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Exercise capacity and stroke volume are preserved late after tetralogy repair, despite severe right ventricular dilatation
  1. Shamus O'Meagher1,2,
  2. Phillip A Munoz1,3,
  3. Jennifer A Alison3,4,
  4. Iven H Young3,
  5. David J Tanous2,5,
  6. David S Celermajer1,2,
  7. Rajesh Puranik1,2
  1. 1Faculty of Medicine, The University of Sydney, Sydney, Australia
  2. 2Department of Cardiology, Royal Prince Alfred Hospital, Sydney, Australia
  3. 3Department of Respiratory and Sleep Medicine, Royal Prince Alfred Hospital, Sydney, Australia
  4. 4The University of Sydney, Discipline of Physiotherapy, Sydney, Australia
  5. 5Department of Cardiology, Westmead Hospital, Sydney, Australia
  1. Correspondence to Dr Rajesh Puranik, Department of Cardiology, Royal Prince Alfred Hospital, Missenden Road, Camperdown, NSW 2050, Australia; raj.puranik{at}


Objectives To assess if exercise capacity and resting stroke volume are different in tetralogy of Fallot (TOF) repair survivors with indexed RV (right ventricle) end-diastolic volume (RVEDVi) more versus less than 150 ml/m2, a currently suggested threshold for pulmonary valve replacement (PVR).

Design Cross-sectional study.

Setting Single-centre adult congenital heart disease unit.

Patients 55 consecutively eligible patients with repaired TOF (age at repair 2.3±1.9 years; age at evaluation 26.2±8.8 years; NYHA Class I or II).

Interventions Cardiovascular MRI (1.5T) and cardiopulmonary exercise test.

Main outcome measures Biventricular volumes and function; exercise capacity.

Results 20 patients had RVEDVi below, and 35 had RVEDVi above 150 ml/m2, at time of referral. In the >150 ml/m2 group, fractional pulmonary regurgitation was higher (41±8 vs 31±8%, p<0.001). Although RV ejection fraction (EF) was lower (47±7 vs 54±6%, p=0.007), indexed RV stroke volume was higher (87±14 vs 64±10 ml/m2, p<0.001) in the >150 ml/m2 group. There were no significant differences in LVEF, indexed LV stroke volume or exercise capacity (% predicted peak work: 90±17 vs 89±11% and; % predicted VO2 peak: 84±17 vs 87±12%).

Conclusions Exercise capacity and stroke volume are maintained with RVEDVi above compared with below a commonly used cut-off for PVR surgery. Optimal timing for PVR, thus, remains unclear.

  • Tetralogy of Fallot
  • right ventricular dilatation
  • exercise capacity
  • pulmonary valve replacement
  • congenital heart disease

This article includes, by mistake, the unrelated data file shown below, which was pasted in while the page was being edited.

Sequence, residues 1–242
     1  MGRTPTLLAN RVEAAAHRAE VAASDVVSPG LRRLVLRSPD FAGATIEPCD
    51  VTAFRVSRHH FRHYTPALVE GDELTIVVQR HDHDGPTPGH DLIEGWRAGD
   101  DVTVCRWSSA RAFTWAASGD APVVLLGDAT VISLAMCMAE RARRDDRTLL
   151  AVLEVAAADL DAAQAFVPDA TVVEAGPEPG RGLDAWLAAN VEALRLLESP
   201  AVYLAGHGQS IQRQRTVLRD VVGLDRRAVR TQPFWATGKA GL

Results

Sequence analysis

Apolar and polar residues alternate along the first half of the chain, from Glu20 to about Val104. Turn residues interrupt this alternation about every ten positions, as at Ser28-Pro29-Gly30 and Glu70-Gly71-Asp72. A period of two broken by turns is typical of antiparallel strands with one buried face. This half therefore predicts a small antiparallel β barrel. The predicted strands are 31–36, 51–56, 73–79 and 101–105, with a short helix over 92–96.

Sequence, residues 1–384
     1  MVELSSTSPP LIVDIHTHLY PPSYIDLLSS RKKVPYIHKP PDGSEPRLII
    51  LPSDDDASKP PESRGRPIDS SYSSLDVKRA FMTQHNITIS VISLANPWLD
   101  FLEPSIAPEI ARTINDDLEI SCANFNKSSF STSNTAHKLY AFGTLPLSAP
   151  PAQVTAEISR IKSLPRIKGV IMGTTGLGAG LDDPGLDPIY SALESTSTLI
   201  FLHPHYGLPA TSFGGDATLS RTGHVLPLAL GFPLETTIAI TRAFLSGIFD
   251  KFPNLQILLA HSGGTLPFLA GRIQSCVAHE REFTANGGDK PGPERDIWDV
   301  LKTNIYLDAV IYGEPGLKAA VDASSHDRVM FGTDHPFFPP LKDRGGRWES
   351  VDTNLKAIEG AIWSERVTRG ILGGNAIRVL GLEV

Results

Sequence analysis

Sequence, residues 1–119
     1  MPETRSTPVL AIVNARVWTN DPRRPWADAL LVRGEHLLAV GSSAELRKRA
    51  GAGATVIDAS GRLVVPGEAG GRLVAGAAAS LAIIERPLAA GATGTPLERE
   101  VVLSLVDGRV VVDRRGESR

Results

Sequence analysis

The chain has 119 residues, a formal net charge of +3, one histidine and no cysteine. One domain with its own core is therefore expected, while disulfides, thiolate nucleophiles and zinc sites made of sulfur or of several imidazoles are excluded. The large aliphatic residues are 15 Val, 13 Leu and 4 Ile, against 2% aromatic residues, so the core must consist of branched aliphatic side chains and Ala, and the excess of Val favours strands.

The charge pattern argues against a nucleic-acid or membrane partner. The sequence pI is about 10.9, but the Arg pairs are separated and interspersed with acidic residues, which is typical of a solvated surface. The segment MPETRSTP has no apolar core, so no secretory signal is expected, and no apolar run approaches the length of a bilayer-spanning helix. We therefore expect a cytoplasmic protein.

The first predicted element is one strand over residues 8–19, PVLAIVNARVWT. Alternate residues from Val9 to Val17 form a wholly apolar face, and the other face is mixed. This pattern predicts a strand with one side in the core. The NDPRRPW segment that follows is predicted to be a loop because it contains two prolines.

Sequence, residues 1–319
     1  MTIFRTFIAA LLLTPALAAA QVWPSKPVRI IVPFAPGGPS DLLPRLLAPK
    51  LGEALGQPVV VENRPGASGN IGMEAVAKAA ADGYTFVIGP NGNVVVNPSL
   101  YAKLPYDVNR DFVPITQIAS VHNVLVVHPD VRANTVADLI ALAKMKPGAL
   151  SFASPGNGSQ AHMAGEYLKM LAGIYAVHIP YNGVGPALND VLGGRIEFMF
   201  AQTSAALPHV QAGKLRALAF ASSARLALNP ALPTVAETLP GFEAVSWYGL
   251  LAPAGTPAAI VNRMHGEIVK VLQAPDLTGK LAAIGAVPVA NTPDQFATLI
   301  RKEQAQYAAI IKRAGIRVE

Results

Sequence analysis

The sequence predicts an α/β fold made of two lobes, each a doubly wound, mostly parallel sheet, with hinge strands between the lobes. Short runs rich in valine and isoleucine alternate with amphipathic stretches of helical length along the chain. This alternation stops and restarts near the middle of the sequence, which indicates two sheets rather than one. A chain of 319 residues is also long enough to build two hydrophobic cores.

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Pulmonary regurgitation (PR) is very common late after the repair of tetralogy of Fallot (TOF) in childhood due to the frequent need to open the right ventricular outflow tract across the pulmonary valve as part of the repair.1 Chronic exposure of the right ventricle (RV) to a regurgitant load may lead to progressive RV dilatation, and has been associated with adverse events such as increased symptoms, arrhythmia and death.2–6 Potential causes of RV dysfunction in adults with repaired TOF include abnormalities of the temporal pattern of RV mechanical activation.7 Although pulmonary valve replacement (PVR) is an effective way of reducing the volume load on the RV, there is no proof from prospective studies that it reduces the risk for adverse outcomes, such as sudden cardiac death, sustained ventricular arrhythmias or heart failure.8–13 The timing of PVR, however, is an area of uncertainty. The European Society of Cardiology (ESC), the American College of Cardiology (ACC)/American Heart Association (AHA) and the Canadian Cardiovascular Society (CCS) have currently published guidelines for PVR in adults with repaired TOF.14–16 Severe PR, together with symptoms and/or moderate to severe RV enlargement, are suggested as indicators for PVR. However, there is some uncertainty regarding the definition of moderate to severe RV enlargement. Based on work conducted by Therrien et al (2005), the CCS guidelines suggest an indexed RV end-diastolic volume (RVEDVi) of 170 ml/m2 as an indicator for PVR, as dilatation beyond this is unlikely to result in normalisation of RV dimensions post-PVR.11 Alternatively, the ESC includes progressive RV dilatation in indications for intervention after repair of TOF, and refers to Oosterhof et al (2007) when stating that RV size is unlikely to normalise after PVR when RVEDVi is allowed to dilate beyond 160 ml/m2.10 The ACC/AHA guidelines, however, do not indicate what constitutes moderate to severe RV enlargement. In practice, an RVEDVi of 150ml/m2 is a commonly used RV volume for recommending PVR in adults with repaired TOF.17 As PVR has limited durability,18 deferring this surgery for as long as possible may reduce the number of surgical procedures needed over a patient's lifetime.